Most of us don’t like complex things, we prefer relative simplicity. We tend to view most areas of our lives through a binary lens – this or that, X + Y = Z, right or wrong, black or white, etc. Our brains functional well in this state as it helps us automate our decisions and allows us to function. Frankly, we would be paralysed without some of our life being binary decisions.
Yet people are not binary, neither are their views, perspectives. Often we can disagree with someone on one topic, agree on another and another topic share some similarity of analysis while disagreeing on implications. We rarely (if ever) understand the full reality of a situation or individual.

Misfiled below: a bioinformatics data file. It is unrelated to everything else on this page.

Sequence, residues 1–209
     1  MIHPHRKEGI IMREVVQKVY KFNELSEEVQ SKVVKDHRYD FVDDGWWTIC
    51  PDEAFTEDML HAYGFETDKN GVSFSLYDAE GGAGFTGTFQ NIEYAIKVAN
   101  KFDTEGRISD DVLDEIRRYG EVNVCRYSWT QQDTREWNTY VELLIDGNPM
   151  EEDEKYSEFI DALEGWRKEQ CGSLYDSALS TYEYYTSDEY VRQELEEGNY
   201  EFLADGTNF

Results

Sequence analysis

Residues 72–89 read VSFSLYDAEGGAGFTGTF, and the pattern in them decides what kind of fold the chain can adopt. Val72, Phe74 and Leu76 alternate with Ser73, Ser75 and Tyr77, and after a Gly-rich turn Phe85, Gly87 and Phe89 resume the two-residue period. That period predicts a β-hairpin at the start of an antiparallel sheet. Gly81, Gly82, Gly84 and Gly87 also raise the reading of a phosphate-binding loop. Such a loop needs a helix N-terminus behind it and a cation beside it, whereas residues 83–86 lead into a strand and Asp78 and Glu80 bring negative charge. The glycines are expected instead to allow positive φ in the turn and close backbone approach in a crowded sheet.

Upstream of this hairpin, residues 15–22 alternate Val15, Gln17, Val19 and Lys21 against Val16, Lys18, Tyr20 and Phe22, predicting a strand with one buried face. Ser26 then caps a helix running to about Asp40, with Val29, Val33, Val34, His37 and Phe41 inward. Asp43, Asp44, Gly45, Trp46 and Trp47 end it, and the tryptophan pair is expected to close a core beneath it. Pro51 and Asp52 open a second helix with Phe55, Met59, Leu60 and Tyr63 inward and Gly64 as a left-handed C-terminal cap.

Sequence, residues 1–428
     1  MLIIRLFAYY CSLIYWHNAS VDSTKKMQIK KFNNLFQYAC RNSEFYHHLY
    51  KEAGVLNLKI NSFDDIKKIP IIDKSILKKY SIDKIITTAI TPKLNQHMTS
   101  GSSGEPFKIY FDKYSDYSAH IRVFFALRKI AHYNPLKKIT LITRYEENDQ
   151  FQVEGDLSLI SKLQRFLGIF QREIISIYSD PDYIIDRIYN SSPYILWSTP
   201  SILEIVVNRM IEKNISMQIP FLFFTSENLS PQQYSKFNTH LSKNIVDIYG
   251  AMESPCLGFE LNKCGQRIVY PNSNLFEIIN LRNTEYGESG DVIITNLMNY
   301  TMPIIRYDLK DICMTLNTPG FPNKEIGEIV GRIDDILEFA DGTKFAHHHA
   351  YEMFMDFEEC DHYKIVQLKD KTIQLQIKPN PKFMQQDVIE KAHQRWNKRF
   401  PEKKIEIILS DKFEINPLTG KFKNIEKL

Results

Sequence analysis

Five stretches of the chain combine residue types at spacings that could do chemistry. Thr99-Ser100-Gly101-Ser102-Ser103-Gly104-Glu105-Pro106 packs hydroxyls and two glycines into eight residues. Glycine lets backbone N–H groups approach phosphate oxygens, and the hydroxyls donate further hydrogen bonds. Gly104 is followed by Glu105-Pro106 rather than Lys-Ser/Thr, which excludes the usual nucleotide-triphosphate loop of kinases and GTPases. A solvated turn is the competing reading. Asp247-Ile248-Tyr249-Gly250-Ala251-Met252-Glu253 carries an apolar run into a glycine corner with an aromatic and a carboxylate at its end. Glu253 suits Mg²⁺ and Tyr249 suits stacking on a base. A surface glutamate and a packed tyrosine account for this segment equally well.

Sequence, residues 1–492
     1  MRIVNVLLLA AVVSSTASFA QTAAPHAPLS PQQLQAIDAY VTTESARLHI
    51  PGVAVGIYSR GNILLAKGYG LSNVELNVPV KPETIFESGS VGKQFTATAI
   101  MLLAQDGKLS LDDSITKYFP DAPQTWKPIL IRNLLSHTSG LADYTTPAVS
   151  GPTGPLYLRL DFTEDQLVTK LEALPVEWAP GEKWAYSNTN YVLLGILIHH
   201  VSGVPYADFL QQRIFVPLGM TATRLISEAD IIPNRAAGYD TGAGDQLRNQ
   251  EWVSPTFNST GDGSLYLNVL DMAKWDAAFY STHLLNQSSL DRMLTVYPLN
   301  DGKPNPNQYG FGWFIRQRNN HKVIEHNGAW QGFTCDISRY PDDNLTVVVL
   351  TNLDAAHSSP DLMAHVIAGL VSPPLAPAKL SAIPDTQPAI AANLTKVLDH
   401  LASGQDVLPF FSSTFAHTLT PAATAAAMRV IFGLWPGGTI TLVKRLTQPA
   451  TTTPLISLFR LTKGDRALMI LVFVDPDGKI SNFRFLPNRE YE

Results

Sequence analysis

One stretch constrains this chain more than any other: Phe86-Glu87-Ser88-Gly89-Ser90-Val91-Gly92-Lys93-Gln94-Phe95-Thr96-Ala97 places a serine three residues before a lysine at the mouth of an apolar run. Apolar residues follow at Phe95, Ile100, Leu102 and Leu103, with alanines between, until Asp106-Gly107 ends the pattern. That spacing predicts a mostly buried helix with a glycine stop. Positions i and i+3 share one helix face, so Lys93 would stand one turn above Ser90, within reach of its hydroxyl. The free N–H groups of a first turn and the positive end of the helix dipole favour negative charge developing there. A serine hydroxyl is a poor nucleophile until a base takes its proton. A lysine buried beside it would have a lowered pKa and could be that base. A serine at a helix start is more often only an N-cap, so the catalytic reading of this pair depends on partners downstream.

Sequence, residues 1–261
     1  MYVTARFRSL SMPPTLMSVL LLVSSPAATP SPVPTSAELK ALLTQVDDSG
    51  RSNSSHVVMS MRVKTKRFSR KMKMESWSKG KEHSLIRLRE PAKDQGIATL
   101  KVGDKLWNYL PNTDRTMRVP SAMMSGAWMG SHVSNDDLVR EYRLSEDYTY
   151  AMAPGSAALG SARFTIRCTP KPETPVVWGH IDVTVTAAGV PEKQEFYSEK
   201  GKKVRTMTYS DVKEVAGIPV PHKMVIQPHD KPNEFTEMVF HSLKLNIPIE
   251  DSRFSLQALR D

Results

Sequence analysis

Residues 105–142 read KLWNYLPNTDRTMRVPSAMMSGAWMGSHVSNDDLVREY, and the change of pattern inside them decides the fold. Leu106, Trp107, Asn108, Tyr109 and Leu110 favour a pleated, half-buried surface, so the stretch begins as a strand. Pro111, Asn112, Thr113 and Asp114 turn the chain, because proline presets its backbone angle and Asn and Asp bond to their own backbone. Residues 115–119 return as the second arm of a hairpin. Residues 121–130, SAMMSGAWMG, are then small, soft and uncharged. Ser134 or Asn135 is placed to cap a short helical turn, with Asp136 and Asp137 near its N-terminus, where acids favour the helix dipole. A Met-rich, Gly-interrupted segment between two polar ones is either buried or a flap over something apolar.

Neither are all decisions simple or complex, there is quite a spectrum between. There are tools, like the Cynefin framework, to help us in decision making for different types of problems.
One of my previous professors used to encourage us to ‘complexify’ ourselves whenever we came across a complex decision. As the reality of any situation has multiple sides, it is important to bring many people together who have different viewpoints. In doing so we make our understanding and analysis of the situation more ‘complex’ and often we will shatter the illusion that it was somehow a binary decision (this or that). We still need to make a decision, but when we ‘complexify’ ourselves our decisions (and our understanding of them) are more nuanced.
Organisational change is rarely binary; it is often a mixture of the entire decision making spectrum.